Monday, June 27, 2011

"A body can pretend to care; but they can't pretend to be there."

Indie Female Artist Must Consider, Daily, these Questions:

  • Who Are You
  • What is your style
  • How Is It Special
  • How is it Different from Other Artists
  • Plans for the next 10 years; stepping stones to success. Need breaking down into 2 year specific increments.  Will need adjusting, dependent on your success and failures.
  • Stage Presence
  • Fans and True Blue Fans
  • Music (Originals/Covers)
  • Song Development ( How many do your and your band know; how many sets can you perform at each gig...must know 3-5 sets to get booked at a majority of venues)
These are but a few of the many areas a Indie Artist must know.

Some Keys To Becoming A Successful Artist

Invest in your act.  Learn how to play your instrument.  Connect with
your fans.  Make True Blue Fans! Put tons of images and photos on your 
Website.  Don't give up to go to law school.  There are NO OPTIONS if you want to make it in the music business.

But today a video won't buy you much.  All the old nineties can employ them, but you come up empty-handed.  It's a new
music business now.  It's about bands and fans.  It's about
relationships.  That's what the Web offers.  All those assholes who
lost their jobs running labels who said that no act ever broke on the
Internet just don't understand that THEIR kind of act hasn't broken on
the Net, a ubiquitous superstar...but acts are breaking.  Rather,
they're building.  Growing.  Into sustainable entities.  And it takes

The whiners are gone.  The easy money is history.  Only the lifers
remain, the people who NEED to be in the music business.  And they're
working with acts with the same passion they possess.

And that's what it's about, PASSION!  Hearing that record and needing
not to buy it on iTunes, but STEAL IT, because you just don't have
enough money to feed your music addiction.

The old players have got it all wrong.  It's not about a walled
garden, charging a fortune for admission.  It's a matter of connecting
with people, making music that they want to hear forever.  They'll
give you all the money they've got.  The most passionate down loaders
are the most passionate concertgoers, they'll even buy the CD to hear
the music of their favorite bands in a PRISTINE FASHION!  But they
want the privilege of being able to surf and find new acts.  They're
always in search of greatness.  They're fed up with the pabulum that's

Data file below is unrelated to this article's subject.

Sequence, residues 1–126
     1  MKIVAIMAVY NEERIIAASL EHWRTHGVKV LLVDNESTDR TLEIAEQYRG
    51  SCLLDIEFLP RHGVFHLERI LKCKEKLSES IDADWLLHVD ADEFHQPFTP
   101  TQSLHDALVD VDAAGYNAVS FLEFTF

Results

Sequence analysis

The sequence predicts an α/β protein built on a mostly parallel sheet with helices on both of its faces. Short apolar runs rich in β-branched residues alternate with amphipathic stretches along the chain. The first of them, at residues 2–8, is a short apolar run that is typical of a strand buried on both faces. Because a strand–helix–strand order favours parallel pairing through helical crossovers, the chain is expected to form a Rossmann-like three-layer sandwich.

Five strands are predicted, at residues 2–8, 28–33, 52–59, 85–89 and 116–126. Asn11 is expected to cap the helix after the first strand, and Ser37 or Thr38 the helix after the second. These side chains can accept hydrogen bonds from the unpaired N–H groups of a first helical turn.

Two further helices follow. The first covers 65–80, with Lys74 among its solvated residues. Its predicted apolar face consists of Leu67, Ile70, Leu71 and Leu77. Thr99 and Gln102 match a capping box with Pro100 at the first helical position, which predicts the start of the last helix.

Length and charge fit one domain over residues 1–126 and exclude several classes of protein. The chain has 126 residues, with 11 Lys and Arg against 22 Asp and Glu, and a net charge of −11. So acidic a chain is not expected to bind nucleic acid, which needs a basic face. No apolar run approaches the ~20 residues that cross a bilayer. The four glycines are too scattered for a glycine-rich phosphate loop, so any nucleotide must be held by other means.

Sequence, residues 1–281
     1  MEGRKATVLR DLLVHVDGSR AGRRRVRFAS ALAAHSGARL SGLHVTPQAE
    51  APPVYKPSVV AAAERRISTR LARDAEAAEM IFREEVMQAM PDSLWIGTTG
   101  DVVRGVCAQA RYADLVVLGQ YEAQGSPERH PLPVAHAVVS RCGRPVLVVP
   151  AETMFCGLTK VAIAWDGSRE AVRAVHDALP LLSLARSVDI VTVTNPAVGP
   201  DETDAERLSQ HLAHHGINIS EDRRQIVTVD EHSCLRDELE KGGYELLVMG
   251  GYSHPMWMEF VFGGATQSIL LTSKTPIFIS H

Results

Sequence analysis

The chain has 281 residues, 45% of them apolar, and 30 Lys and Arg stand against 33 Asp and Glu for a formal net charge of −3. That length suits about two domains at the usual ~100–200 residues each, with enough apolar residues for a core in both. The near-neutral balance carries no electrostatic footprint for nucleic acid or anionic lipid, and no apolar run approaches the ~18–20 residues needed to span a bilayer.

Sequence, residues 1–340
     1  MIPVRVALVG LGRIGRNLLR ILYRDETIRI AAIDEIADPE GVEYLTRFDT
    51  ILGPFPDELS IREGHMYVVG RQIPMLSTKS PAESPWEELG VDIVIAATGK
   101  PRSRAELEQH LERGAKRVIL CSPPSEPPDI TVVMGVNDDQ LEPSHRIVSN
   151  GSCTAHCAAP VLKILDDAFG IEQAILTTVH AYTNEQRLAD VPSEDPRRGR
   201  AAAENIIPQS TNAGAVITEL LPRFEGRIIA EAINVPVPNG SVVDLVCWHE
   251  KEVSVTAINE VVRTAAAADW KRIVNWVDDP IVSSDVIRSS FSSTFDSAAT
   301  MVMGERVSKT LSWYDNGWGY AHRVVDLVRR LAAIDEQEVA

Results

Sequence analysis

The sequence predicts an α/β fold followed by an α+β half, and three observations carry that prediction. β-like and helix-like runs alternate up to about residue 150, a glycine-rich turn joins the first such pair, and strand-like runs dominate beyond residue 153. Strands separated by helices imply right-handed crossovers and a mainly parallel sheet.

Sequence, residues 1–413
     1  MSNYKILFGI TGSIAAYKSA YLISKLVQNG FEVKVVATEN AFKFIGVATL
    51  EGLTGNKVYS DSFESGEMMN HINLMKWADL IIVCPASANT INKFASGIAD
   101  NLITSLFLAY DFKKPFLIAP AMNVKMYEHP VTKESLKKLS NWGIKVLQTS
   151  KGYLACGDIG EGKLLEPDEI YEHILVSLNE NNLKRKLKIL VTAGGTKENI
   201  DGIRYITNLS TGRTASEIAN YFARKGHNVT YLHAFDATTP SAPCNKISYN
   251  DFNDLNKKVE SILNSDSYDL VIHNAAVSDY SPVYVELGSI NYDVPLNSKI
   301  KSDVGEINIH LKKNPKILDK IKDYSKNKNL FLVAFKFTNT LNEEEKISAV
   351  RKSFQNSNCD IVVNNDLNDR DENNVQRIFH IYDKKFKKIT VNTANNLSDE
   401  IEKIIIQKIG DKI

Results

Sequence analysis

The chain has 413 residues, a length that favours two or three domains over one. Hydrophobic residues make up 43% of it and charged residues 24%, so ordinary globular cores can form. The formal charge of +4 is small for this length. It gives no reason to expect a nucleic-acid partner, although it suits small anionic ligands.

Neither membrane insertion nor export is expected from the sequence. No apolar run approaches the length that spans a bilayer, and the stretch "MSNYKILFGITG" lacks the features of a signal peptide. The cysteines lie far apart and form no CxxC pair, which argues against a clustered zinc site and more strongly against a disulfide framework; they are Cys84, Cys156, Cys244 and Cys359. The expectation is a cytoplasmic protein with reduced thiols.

been fed to them by the media manipulators.

A successful career is not about impressions any long....bands are
sold by word of mouth, one fan to the next. And you can no longer
manufacture buzz.  Buzz has got to be real.  Because there are people
out to bust you for your shenanigans, and most don't have time to pay
attention anyway. But if people find something good, they'll give it
ALL their attention.

That glow from the show?  That high you had for twenty four hours?
That's what cemented your FANDOM.  It had nothing to do with the
backdrops, the special effects, but the vibe, the music.

The music is king once again.  You don't have to look good, you just
have to play/sing well and have something to say.

Will vapid pop stars continue to be flogged?  OF COURSE!  But there
will be fewer and fewer, because it's almost impossible to make any
dough doing that anymore.  You need a 360 deal and advertisements and
movies...  It's damn hard.

But if you make one great record, and you're in it for the long haul,
and you can wait for the virus to spread, you can play music for the
rest of your life.  You may not own a Rolls.  Your mother's friends
might not know who you are.  But when you hit the stage, you're going
to hear a roar of appreciation that will put a grin on your face just
like when your first grade teacher gave you a compliment.  You're
gonna feel like life's worth living.  Because you know what you mean
to these people.  You're part of their lives.  You help them get
through.  You have a RELATIONSHIP!
No relationship, no future.
Forget branding, forget sponsorship, forget placement.  Focus on
music.  Great music finds its own way.


PS: I love that word: FANDOM .... OUR KEY TO SUCCESS!!  FANDOM!!! equals True Blue Loyal Fans (TBLF)

Independent Music Promotion on the Web: 3 Steps to Success

Let's face it, the wildfire spread of web-based portals designed to introduce independent music to the world has created a bewildering array of opportunities and costs. So where do they all balance out? When does the cost of signing up to yet another music promotion service yield results? What results are we looking for anyway?

The key is to make your web promotion targeted, systematic and rich.

What is the main drive for independent artists promote their music on the web? The fundamental incentive for web promotion is the opportunity to get your music heard by people who might otherwise never know that you exist! If people know you exist they can become fans and repeat-listeners. Which of those fans buy CD's and downloads? Targeted listeners.

The most important goal of web promotion is to attract targeted listeners.

Any independent artist who says they use the web to sell their music has missed the primary target - attracting targeted listeners. Attracting targeted listeners should be every independent artist's first priority. Remember, you don't sell your music - listeners BUY your music. It's a buyers market. The more targeted listeners you have, the more sales you make - provided you are systematic in getting your targeted listeners.

The best way to get targeted listeners is to be systematic.

Many artists tend to approach their web promotion thinking that since they have a website and have signed up to a couple of artist showcase sites, that the listeners will just come pouring in. Yes you have managed to target some potential listeners, but you still have to shout, "Hey, over'll like the sound of this!" A systematic approach to getting listeners to hear your music will attract and maintain their interest. But remember to make sure you have the content ready for the listener to enjoy.

Sites rich in content will retain your targeted listener.